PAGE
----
This got The Guy to thinking about how much we’re missing on TV and religion. Leave aside fictional entertainment, which when religion turns up in the plot too often causes anybody who knows anything about religion to cringe. And let’s not get into the fare transmitted by paid-time preachers.

Eastertide or Christmas may bring seasonal documentaries, often over the years sensationalized attempts to debunk the church or the Bible. David Gibson’s 2015 archaeology series on CNN, “Finding Jesus,” was an exception.

But what about intelligent treatment throughout the year of news and ideas in the world of religion, which interests masses of today’s viewers just as it has gripped imaginations across human history?

Read it all.

Posted in America/U.S.A., Death / Burial / Funerals, Evangelicals, Holy Week, Religion & Culture, Science & Technology

(Archbishop of York) Stephen Cottrell: Covid-19 has brought us to our knees – now I pray we rise up

Even though our poorest communities have suffered disproportionally, there can be no ‘me and you’ or ‘them and us’ with Covid. It must be we. Covid will not be dealt with anywhere until it is dealt with everywhere.

The most obvious sign of this is the vaccine programme itself. It is wonderful that our country is taking the lead. But we won’t get beyond Covid until the whole world is vaccinated.

This rediscovery of a most basic human truth, that my well-being is tied up with my neighbour’s well-being, should now be the guiding principle for all public policy as we move forward.

Secondly, and flowing from the realisation that we belong to each other, we have learned to appreciate the real dignity and value of people’s labour: especially those whose jobs we may have considered menial and unimportant a year ago.

Who would have thought that alongside the heroes of the National Health Service’s inspiring example of selfless care, we would have also come to value those who stock the supermarket shelves or drive the delivery vans or volunteer in food banks?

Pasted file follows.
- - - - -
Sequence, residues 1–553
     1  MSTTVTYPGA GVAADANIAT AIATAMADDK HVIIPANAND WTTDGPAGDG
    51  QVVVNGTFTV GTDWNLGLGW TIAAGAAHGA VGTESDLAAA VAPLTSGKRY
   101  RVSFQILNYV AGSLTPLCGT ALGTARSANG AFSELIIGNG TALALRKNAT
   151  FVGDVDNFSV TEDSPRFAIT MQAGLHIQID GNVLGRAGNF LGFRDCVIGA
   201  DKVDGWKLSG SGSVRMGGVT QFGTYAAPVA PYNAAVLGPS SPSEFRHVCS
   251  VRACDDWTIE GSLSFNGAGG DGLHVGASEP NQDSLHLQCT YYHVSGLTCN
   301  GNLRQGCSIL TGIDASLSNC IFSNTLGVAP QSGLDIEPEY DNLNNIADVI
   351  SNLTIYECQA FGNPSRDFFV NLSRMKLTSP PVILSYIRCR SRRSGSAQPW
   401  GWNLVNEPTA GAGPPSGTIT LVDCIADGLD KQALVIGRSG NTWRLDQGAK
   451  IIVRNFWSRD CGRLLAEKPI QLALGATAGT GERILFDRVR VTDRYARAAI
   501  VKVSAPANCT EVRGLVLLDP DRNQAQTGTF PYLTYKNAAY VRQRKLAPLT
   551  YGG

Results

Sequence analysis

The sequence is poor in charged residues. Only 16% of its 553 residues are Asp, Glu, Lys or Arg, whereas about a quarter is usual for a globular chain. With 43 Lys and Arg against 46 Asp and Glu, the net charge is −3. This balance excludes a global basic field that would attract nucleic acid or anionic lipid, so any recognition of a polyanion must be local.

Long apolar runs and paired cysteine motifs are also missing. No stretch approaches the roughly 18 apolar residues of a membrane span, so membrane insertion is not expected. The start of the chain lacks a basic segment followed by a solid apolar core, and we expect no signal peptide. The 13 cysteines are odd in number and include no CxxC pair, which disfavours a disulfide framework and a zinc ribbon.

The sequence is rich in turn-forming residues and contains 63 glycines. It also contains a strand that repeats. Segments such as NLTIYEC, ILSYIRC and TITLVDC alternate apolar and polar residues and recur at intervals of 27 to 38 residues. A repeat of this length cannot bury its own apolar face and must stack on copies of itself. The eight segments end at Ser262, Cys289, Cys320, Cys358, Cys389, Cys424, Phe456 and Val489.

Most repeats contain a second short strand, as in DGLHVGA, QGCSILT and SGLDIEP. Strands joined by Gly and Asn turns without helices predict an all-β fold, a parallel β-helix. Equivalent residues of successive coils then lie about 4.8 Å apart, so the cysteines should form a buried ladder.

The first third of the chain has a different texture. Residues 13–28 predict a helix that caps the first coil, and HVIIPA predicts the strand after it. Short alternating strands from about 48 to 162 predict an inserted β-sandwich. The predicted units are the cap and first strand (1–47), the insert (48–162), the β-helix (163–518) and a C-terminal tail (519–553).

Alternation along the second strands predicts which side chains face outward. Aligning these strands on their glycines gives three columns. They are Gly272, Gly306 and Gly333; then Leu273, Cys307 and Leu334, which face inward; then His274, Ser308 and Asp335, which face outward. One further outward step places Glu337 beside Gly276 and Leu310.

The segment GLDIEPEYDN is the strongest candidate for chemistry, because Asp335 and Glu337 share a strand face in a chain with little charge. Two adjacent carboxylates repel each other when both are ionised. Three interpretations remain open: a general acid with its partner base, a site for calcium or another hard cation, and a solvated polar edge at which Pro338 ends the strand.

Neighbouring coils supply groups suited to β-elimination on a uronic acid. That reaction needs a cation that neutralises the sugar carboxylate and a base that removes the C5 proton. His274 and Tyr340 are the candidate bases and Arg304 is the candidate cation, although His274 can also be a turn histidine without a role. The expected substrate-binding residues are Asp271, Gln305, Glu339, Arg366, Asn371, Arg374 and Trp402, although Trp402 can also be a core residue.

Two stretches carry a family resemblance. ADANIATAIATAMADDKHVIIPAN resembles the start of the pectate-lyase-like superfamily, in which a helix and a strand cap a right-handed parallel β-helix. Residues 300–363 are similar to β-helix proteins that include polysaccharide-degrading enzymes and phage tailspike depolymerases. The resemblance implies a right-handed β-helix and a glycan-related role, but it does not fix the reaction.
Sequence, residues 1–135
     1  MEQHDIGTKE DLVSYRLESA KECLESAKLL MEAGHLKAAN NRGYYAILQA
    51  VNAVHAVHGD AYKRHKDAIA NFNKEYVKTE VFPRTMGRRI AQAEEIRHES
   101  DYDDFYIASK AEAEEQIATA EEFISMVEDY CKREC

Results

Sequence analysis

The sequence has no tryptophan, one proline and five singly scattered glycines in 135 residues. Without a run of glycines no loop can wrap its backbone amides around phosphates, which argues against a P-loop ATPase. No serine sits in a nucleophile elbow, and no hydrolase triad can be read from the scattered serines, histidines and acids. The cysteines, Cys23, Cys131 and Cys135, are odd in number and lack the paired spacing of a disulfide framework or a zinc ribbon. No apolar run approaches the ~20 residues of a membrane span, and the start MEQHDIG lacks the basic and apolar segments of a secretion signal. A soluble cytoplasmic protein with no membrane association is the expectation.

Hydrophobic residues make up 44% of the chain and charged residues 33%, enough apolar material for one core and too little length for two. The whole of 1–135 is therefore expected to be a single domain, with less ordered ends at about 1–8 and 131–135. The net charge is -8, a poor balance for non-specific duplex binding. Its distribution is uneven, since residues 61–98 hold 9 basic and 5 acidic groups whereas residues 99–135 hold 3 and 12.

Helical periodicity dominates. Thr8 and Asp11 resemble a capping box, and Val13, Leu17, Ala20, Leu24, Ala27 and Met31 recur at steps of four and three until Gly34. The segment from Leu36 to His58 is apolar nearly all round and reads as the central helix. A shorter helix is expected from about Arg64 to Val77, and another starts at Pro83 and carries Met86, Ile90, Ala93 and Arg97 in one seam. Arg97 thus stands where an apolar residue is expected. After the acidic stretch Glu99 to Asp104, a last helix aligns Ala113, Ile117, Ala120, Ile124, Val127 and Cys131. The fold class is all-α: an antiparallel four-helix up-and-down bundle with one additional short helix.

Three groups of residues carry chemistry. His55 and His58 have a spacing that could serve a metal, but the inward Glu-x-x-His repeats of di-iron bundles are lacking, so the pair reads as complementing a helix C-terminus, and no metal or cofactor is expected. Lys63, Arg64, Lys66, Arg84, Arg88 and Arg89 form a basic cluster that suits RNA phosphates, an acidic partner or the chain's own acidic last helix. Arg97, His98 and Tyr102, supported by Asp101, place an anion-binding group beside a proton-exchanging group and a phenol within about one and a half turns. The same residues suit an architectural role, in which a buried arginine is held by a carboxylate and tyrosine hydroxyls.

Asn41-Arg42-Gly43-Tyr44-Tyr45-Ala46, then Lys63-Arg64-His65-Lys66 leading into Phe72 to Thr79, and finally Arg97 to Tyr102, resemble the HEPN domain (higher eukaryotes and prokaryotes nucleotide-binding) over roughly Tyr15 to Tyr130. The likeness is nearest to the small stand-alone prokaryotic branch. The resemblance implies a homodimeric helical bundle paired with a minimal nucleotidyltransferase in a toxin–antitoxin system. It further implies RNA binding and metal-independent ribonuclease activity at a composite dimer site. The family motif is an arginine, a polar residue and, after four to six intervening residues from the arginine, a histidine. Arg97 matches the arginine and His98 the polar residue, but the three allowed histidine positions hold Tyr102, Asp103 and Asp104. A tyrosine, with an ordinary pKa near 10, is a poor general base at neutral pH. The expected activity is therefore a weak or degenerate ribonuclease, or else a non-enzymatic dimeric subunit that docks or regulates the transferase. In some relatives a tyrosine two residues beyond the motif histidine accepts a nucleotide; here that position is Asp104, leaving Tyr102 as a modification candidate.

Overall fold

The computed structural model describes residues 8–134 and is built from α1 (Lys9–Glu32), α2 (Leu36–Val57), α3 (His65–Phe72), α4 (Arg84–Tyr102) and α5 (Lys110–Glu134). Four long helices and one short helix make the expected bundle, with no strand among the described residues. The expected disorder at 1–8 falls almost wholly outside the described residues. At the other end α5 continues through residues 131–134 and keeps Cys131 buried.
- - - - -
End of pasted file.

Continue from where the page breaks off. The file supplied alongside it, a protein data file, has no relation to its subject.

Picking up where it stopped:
We used to measure each other’s worth by the size of their salary. Now it must be the size of their heart.

Read it all.

Posted in Archbishop of York Stephen Cottrell, Death / Burial / Funerals, England / UK, Health & Medicine, Religion & Culture

Archbishop Justin Welby’s reflection on Radio 4’s Thought For The Day on the first anniversary of the UK’s national lockdown

One of the great songs of lament to God in the bible begins “by the rivers of Babylon we sat down and wept.”. An anniversary is a time to lament, to mourn, to sit and weep for what could have been and is not. Pause for a while today, remember what has been lost, above all who has been lost. Lament – for to do so is to honour and treasure. As a Christian I follow and love Jesus Christ who loved and mourned his friends, his country, suffering.

Anniversaries are also moments of new beginnings. It is just a day. But it is also a moment. And one of the signs of being human – of being spiritual as well as material – is that we make moments that pass into moments of significance. The anniversary calls on us to ask where we are going?